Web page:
Friday, 11 March 2011

New Treatment for Chronic Granulomatous Disorder (CGD)

Chronic Granulomatous Disorder (CGD) is a genetically inherited severe immune deficiency that effects one in 200 000 people per year worldwide. Its sufferers have a reduced ability to fight off infection and because of the inherited nature of the disorder and the severity of the consequences many die at a young age. This is predominantly an illness that effects children and young people.

Children with CGD often suffer life threatening infections and one of the worst is infection with Aspergillus. Aspergillus is able to infection people with normal immune systems who have damaged lungs but those infections are usually limited to the site of infection and can sometimes be removed surgically with good results. CGD patients cannot limit the spread of Aspergillus as efficiently as non-CGD people as their immune system is weaker, so once Aspergillus infects a CGD patients it is much more difficult to prevent it spreading. CGD patients have to be treated more often with antifungal medication.

New research has found a new method to treat CGD patients. One of the ways that the immune system of a CGD patients does not work properly is in the production of reactive chemicals by specific immune cells (neutrophils) that are used to kill invading microbes. It has also been found that neutrophils also respond to infection by forming a structure called a Neutrophil Extracellular Trap (NET). These literally form a network of fibres rather like a spiders web that trap microbes and then exude reactive chemicals to kill microbes once trapped. One of the chemicals produced is calprotectin which has antifungal properties and this research has pinpointed that calprotectin is important in the battle against Aspergillus infection. Neutrophils from CGD patients cannot form NET's or produce calprotectin.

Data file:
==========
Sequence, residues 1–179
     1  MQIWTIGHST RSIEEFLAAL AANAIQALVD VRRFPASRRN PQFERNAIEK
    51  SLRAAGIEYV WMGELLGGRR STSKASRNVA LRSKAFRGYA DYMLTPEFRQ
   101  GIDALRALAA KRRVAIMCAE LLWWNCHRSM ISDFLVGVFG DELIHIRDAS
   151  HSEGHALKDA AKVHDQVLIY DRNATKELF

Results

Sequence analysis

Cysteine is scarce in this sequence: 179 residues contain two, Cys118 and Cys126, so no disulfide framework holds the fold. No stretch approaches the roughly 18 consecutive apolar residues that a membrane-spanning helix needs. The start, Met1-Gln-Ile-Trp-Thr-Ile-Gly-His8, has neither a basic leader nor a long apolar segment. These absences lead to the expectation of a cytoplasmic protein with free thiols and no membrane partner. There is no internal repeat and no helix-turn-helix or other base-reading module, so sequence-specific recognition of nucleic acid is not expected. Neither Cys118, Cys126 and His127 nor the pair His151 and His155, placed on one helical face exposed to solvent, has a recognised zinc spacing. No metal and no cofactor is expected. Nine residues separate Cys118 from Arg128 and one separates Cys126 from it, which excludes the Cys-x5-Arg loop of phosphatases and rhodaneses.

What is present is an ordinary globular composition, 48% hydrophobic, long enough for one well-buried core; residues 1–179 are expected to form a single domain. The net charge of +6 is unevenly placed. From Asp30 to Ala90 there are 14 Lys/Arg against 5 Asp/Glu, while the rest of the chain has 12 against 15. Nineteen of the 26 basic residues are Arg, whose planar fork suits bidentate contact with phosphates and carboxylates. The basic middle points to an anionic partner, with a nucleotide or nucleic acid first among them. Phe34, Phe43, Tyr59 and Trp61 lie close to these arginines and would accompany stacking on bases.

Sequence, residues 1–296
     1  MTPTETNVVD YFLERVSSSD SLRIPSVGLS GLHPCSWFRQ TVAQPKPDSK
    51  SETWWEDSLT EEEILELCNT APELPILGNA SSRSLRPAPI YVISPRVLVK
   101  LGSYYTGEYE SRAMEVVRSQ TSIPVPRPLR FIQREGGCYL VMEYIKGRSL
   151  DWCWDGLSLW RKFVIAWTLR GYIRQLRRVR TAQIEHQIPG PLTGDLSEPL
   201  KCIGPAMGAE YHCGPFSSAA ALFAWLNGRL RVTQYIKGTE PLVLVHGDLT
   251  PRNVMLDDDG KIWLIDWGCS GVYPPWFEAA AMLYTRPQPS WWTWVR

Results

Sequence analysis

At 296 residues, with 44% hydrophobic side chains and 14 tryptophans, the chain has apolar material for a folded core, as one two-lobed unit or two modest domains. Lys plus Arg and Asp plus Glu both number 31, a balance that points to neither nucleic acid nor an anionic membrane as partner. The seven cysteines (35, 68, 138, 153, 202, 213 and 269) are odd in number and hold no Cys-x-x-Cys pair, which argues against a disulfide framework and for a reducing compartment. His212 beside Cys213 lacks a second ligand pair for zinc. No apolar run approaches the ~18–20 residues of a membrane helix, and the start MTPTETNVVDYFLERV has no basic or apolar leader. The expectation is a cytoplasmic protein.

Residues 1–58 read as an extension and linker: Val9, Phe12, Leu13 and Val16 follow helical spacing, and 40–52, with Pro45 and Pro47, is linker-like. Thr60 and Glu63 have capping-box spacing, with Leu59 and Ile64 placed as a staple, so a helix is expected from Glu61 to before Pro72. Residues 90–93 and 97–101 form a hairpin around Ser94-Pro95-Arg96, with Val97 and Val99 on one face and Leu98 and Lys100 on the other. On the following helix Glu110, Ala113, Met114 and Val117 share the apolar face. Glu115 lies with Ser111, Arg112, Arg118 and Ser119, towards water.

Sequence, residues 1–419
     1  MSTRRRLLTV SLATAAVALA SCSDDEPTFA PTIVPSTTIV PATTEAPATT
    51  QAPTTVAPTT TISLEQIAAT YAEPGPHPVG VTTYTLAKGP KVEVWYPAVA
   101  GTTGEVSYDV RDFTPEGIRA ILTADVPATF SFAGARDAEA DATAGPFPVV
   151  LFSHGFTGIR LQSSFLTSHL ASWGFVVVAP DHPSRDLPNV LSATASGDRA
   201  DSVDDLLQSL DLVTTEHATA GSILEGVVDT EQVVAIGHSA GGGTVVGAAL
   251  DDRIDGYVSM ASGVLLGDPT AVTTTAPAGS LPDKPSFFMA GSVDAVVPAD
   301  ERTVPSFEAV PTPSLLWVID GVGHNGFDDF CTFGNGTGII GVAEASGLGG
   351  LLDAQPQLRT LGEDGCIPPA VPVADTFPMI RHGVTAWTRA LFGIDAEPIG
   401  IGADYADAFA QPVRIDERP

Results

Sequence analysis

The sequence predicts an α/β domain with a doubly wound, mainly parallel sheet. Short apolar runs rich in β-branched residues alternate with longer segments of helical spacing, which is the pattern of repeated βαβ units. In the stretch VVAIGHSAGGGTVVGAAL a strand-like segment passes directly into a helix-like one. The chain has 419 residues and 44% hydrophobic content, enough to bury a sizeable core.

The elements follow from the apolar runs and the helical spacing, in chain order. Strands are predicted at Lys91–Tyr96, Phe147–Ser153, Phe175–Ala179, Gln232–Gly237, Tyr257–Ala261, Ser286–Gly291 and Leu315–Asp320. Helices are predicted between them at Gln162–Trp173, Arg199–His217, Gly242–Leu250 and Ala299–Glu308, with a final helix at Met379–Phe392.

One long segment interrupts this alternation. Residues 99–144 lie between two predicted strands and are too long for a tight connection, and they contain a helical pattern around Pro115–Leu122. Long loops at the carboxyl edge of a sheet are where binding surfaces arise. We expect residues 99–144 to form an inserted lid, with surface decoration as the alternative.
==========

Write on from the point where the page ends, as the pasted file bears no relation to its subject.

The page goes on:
How do we treat this absence of calprotectin in CGD patients? Bianchi et.al. used gene therapy techniques to restore the ability of CGD neutrophils to produce calprotectin and found that they were also able to form NETs and successfully fight off a pre-existing Aspergillus infection in human patients. This patient already had a life threatening infection prior to treating with gene therapy. Gene therapy effectively 'cured' some of the immune deficiency and the restored immune system was successful in defeating the aspergillosis.

This extraordinary result implies that gene therapy now has the potential to be a routine treatment for aspergillosis in CGD patients - it can be used when there is an ongoing infection. In practice this treatment is only being recommended for use in infections where antifungal therapy is ineffective as the current method involves the use of a DNA construct based on a disabled virus. This virus is presumably infected into neutrophils (details of exactly how this has been done had eluded me) and there are risks associated with that strategy. Until more is known about those risks gene therapy will be used with caution.

This research has been supported by Chronic Granulomatous Disorder Research Trust, United
Kingdom

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